Each connector block 18 is a molded insulating part provided with a multiplicity of molded-in terminals 46 with contacts 48. These contacts 48 line the opposite sidewalls of a groove 50 in the block in slightly yielding fashion, and define themselves a groove formation 52 into which the bottom strip 22 of a panel 16 is to be slid for engagement of the connector tabs t on the panel with the contacts 48 on the terminals to thereby connect this panel in the circuitry of associated electronic equipment or the like. Each block 18 is secured to the bottom wall 30 of the cage 14 as at 54, with the block being positioned so that the groove formation 52 between the terminal contacts 48 is in substantial alignment with the median plane p of the associated tracks 16.
FIGS. 1 to 4 show only one pair of opposite tracks 16 with an associated connector block 18, but it is to be understood that additional pairs of opposite tracks with associated connector blocks may be, and usually are, provided in the cage 14, with all track pairs and their associated connector blocks extending with their median planes in substantial parallelism.
For use of the rack, as many circuit panels 12 as are required for a particular application are slid with their end edges 20 into a corresponding number of opposite tracks 16. In thus introducing a panel into a pair of tracks 16, the panel has freedom of tilting motion about the adjacent apices a of the leaves 32 of each track (FIG. 4), with such freedom of tilting motion of the panel being with its bottom strip 22 to either side of the groove formation 52 between the terminal contacts 48 in the associated connector block 18 regardless of whether the latter is in alignment, or is to some extent out of alignment, with the median plane of the associated tracks 16, so that the panel is not in any way stressed on its insertion in the tracks 16 and on its alignment and register with the groove formation 52 in the connector block 18. Reliable and lasting circuit-making engagement between the connector tabs t on the panel and the terminal contacts 48 in the connector block 18 is thus assured.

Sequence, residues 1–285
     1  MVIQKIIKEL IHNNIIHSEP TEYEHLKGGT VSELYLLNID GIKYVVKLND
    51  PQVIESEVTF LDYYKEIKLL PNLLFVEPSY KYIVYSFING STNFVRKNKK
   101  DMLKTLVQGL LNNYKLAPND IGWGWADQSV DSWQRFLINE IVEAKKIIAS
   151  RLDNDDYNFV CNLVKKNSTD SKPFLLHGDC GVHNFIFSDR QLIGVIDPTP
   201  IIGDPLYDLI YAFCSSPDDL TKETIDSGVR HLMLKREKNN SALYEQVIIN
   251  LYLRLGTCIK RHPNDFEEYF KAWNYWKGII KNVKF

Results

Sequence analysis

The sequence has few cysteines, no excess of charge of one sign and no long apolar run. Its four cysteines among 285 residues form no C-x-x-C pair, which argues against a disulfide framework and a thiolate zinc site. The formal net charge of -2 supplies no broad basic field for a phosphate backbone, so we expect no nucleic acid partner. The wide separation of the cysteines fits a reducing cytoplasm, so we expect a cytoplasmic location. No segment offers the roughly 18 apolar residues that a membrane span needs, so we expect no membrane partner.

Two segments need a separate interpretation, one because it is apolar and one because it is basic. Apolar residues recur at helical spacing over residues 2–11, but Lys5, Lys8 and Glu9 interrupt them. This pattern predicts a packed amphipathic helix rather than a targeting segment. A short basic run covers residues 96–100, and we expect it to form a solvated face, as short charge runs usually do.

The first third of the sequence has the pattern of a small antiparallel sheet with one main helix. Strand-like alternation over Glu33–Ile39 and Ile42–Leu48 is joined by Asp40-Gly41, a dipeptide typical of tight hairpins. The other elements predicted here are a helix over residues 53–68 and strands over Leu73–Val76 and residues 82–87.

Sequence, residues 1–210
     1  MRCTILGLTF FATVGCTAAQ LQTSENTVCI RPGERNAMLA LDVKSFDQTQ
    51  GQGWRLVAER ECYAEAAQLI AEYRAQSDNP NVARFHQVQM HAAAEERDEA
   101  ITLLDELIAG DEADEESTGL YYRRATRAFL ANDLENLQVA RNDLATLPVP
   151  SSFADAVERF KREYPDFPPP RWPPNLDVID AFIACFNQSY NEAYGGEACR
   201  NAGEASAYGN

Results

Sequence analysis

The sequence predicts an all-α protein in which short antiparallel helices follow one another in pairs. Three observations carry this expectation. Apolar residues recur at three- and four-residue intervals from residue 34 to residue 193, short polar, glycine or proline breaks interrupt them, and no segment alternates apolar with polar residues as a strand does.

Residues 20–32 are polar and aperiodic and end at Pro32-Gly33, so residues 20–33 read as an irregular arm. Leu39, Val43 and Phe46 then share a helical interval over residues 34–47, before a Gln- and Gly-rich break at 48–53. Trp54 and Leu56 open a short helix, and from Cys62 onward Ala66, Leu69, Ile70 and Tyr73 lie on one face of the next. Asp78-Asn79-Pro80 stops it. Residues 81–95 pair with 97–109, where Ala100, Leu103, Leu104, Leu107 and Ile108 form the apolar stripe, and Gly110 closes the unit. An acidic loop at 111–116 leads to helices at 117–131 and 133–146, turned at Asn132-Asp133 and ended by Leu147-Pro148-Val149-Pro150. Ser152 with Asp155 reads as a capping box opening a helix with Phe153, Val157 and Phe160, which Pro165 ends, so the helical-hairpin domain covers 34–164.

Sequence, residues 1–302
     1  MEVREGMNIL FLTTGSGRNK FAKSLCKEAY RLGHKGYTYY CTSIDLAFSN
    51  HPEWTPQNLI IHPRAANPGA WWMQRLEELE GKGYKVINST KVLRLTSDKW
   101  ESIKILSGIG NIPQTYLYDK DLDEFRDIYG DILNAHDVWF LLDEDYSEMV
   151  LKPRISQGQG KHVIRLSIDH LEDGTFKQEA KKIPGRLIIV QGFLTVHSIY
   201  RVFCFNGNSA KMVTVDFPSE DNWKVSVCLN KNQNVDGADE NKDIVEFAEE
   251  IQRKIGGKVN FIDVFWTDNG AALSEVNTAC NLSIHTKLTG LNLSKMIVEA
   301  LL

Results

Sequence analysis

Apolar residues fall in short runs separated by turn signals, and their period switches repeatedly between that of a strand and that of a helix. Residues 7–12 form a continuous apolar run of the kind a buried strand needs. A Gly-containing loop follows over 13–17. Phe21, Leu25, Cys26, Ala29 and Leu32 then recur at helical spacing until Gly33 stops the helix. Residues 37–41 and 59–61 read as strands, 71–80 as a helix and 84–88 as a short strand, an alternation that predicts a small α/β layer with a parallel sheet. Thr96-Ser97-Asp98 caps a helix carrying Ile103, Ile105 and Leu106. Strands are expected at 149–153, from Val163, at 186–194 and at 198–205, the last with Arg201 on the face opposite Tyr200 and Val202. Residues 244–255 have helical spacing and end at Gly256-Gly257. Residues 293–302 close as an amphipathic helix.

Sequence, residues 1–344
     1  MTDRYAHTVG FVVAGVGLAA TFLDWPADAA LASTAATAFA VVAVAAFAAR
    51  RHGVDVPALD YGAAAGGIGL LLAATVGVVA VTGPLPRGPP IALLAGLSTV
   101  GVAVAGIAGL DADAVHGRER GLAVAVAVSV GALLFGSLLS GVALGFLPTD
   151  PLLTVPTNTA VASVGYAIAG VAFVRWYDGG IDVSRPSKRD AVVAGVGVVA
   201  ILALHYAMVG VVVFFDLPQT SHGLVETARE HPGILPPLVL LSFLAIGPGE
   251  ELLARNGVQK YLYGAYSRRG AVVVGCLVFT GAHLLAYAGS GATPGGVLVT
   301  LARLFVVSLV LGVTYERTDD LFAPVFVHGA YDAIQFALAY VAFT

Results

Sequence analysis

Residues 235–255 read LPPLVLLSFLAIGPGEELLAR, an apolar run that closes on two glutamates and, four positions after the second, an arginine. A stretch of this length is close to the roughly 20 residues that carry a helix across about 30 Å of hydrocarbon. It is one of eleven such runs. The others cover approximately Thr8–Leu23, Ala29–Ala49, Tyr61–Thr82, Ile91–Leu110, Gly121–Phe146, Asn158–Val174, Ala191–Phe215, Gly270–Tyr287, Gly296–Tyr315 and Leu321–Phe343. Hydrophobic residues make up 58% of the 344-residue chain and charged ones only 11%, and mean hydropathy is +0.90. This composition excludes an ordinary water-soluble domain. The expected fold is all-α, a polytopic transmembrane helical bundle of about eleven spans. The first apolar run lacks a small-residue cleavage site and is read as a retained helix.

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|US5234348 *||May 21, 1992||Aug 10, 1993||Trw Inc.||Front removable/serviceable RF backplane|
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|US5653518 *||Jul 17, 1995||Aug 5, 1997||Compaq Computer Corporation||Quick release drive unit rail members|
|US6728114 *||Jul 5, 2002||Apr 27, 2004||Alcatel Canada Inc.||Space-saving card guides for card cage and method of installing same on a card cage or frame|
|EP0618758A1 *||Apr 2, 1993||Oct 5, 1994||Saia Ag||Programmable control unit|
|EP1379116A2 *||Jul 4, 2003||Jan 7, 2004||Alcatel Canada Inc.||Space-saving card guides for card cage and method of installing same on a card cage or frame|
|U.S. Classification||439/377, 361/802|
|International Classification||H01R12/18, H05K7/14|